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Ukraine - History of the Flag

Last modified: 2005-05-28 by dov gutterman
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Origins and History

In the 19th century, the area inhabited by Ruthenians, as the Ukrainians were then known, was divided between Russia and the Austrian Empire. Austria got Galicia after the partition of Poland in 1772. Territory was later added, including the Duchy of Bukovina. From 1815, the former Polish possessions of Austria were known as the Kingdom of Galicia and Lodomeria. Ukrainians were a majority only in the eastern parts of this kingdom. As a kingdom, Galicia had three flags.

The origins of Ukraine's flag can be traced back to the convention of the Supreme Ruthenian Council, meeting in Lviv in October 1848. At this meeting, an emblem (coat of arms) for the Ukrainians was adopted. This was a golden rampant lion on blue [Encyclopedia Ukraine, Flag Bulletin, 1992]. At the same time, (light) blue and yellow was accepted as the national colours of the Ukrainians. For flags, both the golden crowned lion on a (light) blue field, and the yellow over (light) blue, were used [Ukraine: A Concise Encyclopedia]. The Ukrainian colours became popular throughout Ukrainian lands, including those under Russia, but the order of the colours was not stable.

The first opportunity for Ukrainians to adopt the blue and yellow as a national flag came with the break up of the Austrian and Russian empires as a result of World War I. The Ukrainian National Republic (UNR) was proclaimed on 20 November 1917. This was planned as a republic within a (future) Russian federation. However, because of the Bolshevik takeover in Russia and the war launched into Ukraine, independence was declared 22 January 1918. On the same day, the national flag of yellow over light blue was adopted 22 March 1918. A naval ensign with a trident had been adopted a few days earlier, on 18 January 1918 [Encyclopedia Ukraine].

On 29 April 1918, a coup overthrew the UNR government. General Pavlo Skoropadsky set up the 'Hetmanate of Ukraine' ('Hetman' is an old title used by certain military leaders). The flag was now changed to light blue over yellow. At the same time, a new naval ensign and 'several dozen' flags for various government services were introduced. The Hetmanate lasted until 14 December 1919, when Hetman Skoropadsky stepped down and the UNR was restored. Under the restored UNR, the national flag of light blue over yellow was not changed again and the other flags from the Hetman regime were used with only 'minor changes' [6]. Independence was soon lost to the Bolsheviks and Ukraine eventually became a union republic of the USSR.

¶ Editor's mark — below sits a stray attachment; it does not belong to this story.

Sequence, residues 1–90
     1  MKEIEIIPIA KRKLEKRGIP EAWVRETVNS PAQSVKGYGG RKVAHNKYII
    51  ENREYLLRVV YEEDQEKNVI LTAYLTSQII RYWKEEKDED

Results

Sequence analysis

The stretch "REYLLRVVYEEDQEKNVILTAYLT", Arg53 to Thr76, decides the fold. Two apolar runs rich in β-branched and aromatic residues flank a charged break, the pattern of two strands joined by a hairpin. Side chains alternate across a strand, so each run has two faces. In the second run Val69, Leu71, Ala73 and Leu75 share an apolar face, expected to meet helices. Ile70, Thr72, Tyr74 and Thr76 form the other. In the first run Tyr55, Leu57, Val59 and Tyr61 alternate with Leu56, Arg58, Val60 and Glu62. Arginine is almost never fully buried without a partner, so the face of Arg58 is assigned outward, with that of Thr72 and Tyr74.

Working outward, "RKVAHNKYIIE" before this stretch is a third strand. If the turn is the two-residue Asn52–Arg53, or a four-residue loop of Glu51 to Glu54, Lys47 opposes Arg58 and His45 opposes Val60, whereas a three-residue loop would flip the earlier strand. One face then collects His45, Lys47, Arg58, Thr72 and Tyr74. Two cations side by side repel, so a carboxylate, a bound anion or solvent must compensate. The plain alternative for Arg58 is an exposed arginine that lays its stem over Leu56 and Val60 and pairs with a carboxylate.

In the Austrian parts of Ukraine, in Galicia, Bukovina and Transcarpathia, a Western Ukrainian National Republic (WUNR) was declared in October 1918. A flag, blue over yellow, was adopted by this republic on 13 November 1918 [Encyclopedia Ukraine]. Union between the UNR and WUNR was declared 22 January 1919, but was never properly implemented because of the war that broke out with the Poles. Poland took control of Galicia, and kept it until the area became part of Ukraine and the USSR after World War II.

Another territory populated by Ukrainians, Transcarparthia, became a province of Czechoslovakia in 1919, where it was named Subcarpathian Ruthenia. On 20 March 1920 a provincial flag of blue over yellow was adopted [Encyclopedia Ukraine]. In 1938, Hungary started occupying the province step by step. Despite the Hungarian occupation (which lasted until the end of World War II), the provincial assembly proclaimed the territory independent as Carpatho-Ukraine on 15 March 1939. The national flag of Carpatho-Ukraine was also blue over yellow [Encyclopedia Ukraine]. After World War II, Carpatho-Ukraine was incorporated into Ukraine.

In 1919 the Zaporoge Cossacks took power in several territories in Ukraine. The flag was green and black.

Under Communism, the light blue and yellow flag of Ukraine was almost forgotten in the Eastern and Central parts of the country, the parts that belonged to the USSR from the time this union was formed. In Western Ukraine, which was part of Poland, the flag was used for a longer period and memory of it survived. Despite persecution of nationalists under Stalin, there were a few instances (heavily punished) of the light blue and yellow flag being displayed as acts of demonstration. It was in Lviv and Western Ukraine that the use of the flag was revived in the Spring of 1989, mostly by nationalist and human rights organizations, such as 'Rukh', 'Ukrainian Helsinki Union' and others [Krawchenko, 1990]. Two and a half years later, the flag became the national flag of independent Ukraine. The other national symbol, the 'tryzub', is now finally also found on the new Ukrainian kopeck coins, introduced on 2 September 1996. It is here surrounded by a wreath of wheat and oak leaves [Numismatics].
Jan Oskar Engene, 7 September 1996

From <>: